I am a bit confused about peaberry coffee. I know what a peaberry is, but often packages of coffee that advertise as "Peaberry" and it is a mix of regular and peaberry beans.  I know that for example Caribou Coffee La Minita Peaberry is hand sorted and all peaberries (which is only seasonal because it must take a long time!).  Can someone explain to me how a bag of coffee can be called Peaberry if it does not contain only peaberries.  Thanks!  I look forward to learning more about this!

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There is no regulation that I'm aware of to restrict the use of the word "peaberry" on roasted coffee, or to dictate what percentage of the product must in fact be "peaberry". Some people will do whatever you let them get away with doing.

 

See also "Jamaican Blue Mountain" bags that contain only trace amounts of said coffee, and other serious counterfeiting issues.

 

Buyer beware.

Thanks Brady.  Very interesting, yet very sad.

It seems like it's the same type of situation as Kona coffees or JMB blends. As long as there's a trace of the big-shot origin coffee in the blend as a whole, you can use the big-shot name.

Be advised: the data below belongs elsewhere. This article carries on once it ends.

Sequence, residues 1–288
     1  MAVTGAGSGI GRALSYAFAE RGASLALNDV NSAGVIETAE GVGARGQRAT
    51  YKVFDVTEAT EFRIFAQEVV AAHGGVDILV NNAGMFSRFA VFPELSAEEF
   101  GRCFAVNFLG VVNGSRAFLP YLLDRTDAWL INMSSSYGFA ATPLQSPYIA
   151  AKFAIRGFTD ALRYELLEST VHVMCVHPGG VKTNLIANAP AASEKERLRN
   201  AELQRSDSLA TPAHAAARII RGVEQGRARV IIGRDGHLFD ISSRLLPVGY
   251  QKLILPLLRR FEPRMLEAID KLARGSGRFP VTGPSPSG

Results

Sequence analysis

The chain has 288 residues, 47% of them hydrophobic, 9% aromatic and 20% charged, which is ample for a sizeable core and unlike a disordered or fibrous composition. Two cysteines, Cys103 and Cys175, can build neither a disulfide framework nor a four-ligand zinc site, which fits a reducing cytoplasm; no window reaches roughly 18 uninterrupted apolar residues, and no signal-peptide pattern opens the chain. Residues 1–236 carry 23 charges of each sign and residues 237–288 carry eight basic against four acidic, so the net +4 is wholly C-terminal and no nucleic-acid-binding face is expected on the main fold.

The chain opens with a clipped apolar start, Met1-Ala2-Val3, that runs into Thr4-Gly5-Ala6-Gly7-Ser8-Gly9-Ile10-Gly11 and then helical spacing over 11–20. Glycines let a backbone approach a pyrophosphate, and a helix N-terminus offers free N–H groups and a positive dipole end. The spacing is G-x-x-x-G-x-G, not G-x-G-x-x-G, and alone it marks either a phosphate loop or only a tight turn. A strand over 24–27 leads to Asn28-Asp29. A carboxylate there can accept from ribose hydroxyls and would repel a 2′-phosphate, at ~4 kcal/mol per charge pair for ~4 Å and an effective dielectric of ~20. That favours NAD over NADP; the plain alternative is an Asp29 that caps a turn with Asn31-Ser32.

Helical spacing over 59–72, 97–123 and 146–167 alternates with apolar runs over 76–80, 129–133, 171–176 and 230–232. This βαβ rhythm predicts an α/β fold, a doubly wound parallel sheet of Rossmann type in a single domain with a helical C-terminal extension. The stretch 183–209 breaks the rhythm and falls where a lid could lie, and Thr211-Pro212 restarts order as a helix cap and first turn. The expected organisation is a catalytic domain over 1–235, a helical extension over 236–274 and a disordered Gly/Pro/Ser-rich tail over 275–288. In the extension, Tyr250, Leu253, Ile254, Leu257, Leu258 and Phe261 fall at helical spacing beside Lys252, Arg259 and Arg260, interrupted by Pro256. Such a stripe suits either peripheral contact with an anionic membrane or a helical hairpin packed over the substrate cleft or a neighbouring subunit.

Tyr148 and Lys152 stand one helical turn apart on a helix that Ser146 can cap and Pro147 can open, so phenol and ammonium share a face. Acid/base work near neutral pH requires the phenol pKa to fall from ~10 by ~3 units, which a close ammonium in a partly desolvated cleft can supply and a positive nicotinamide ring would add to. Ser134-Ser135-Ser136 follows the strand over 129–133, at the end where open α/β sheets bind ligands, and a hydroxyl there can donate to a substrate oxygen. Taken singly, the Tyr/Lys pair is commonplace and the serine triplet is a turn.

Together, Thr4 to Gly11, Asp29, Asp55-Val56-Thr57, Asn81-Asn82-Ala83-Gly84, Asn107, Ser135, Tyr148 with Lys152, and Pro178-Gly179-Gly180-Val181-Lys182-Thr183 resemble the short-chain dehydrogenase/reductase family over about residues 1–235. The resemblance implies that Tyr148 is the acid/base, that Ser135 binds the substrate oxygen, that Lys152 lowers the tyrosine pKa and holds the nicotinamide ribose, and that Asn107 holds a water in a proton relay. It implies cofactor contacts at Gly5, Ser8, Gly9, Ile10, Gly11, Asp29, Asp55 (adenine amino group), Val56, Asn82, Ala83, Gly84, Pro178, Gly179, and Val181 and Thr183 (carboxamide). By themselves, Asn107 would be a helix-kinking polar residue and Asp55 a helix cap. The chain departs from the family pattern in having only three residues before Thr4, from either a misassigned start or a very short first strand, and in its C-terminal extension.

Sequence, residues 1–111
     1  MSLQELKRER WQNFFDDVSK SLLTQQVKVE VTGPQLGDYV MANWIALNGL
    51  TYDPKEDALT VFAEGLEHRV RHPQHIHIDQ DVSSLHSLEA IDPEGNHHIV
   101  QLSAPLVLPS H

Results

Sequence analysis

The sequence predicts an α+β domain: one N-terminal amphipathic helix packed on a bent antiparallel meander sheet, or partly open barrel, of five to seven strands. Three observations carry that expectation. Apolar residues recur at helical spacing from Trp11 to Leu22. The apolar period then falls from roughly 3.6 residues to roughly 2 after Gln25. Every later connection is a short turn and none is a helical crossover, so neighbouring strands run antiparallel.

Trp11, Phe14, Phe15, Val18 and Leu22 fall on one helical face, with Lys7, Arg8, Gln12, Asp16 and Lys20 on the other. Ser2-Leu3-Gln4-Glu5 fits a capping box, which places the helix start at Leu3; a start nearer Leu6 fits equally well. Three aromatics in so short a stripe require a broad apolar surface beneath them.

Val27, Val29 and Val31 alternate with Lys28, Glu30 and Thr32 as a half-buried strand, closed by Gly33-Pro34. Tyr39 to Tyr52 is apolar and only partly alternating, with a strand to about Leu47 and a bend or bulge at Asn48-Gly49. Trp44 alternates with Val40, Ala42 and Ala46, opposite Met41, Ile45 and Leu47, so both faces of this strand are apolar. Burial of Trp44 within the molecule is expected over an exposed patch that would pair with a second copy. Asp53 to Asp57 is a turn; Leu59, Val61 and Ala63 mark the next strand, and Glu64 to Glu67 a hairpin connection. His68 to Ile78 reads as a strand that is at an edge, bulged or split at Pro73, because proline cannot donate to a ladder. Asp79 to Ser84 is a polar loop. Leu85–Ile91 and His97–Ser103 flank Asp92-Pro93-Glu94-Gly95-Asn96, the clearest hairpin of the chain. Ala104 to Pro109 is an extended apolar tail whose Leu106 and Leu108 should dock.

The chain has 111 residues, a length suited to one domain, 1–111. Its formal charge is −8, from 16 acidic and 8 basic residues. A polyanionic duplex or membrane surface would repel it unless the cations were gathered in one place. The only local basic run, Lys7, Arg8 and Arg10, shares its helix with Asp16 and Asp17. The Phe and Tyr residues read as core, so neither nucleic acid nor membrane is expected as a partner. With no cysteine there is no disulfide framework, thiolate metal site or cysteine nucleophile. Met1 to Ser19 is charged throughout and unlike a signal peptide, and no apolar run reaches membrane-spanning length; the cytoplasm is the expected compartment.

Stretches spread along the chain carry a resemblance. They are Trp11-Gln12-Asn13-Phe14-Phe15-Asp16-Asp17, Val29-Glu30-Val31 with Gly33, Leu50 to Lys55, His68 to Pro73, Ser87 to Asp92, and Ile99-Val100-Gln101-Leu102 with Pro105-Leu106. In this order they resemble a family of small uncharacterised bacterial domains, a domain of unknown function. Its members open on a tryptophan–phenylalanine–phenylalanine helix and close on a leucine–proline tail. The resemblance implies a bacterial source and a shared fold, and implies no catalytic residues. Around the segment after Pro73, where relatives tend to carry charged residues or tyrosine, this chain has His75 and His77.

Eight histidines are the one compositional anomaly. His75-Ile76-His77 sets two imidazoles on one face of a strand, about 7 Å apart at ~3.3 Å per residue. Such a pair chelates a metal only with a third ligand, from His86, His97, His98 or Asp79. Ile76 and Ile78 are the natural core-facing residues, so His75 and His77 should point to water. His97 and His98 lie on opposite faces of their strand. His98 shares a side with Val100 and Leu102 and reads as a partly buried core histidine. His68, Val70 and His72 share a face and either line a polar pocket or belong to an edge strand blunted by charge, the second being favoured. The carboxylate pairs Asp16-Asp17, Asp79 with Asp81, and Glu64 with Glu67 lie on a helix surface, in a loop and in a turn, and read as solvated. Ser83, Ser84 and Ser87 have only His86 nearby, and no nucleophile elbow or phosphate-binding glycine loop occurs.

Hmm. Maybe some regulations are definitely in order?

There is a really easy solution:

 

Only buy good coffee at a fair price from reputable roasters.

 

There are so many excellent, transparent, honest roasters in this world. They work their butts of to source great coffees that 95% of the population has never heard of, and most of them would be happy to have a little more business. Why give your money to anyone else?

100% nailed it

Brady said:

There is a really easy solution:

 

Only buy good coffee at a fair price from reputable roasters.

 

There are so many excellent, transparent, honest roasters in this world. They work their butts of to source great coffees that 95% of the population has never heard of, and most of them would be happy to have a little more business. Why give your money to anyone else?

Perfect answer Brady.

Brady said:

There is a really easy solution:

 

Only buy good coffee at a fair price from reputable roasters.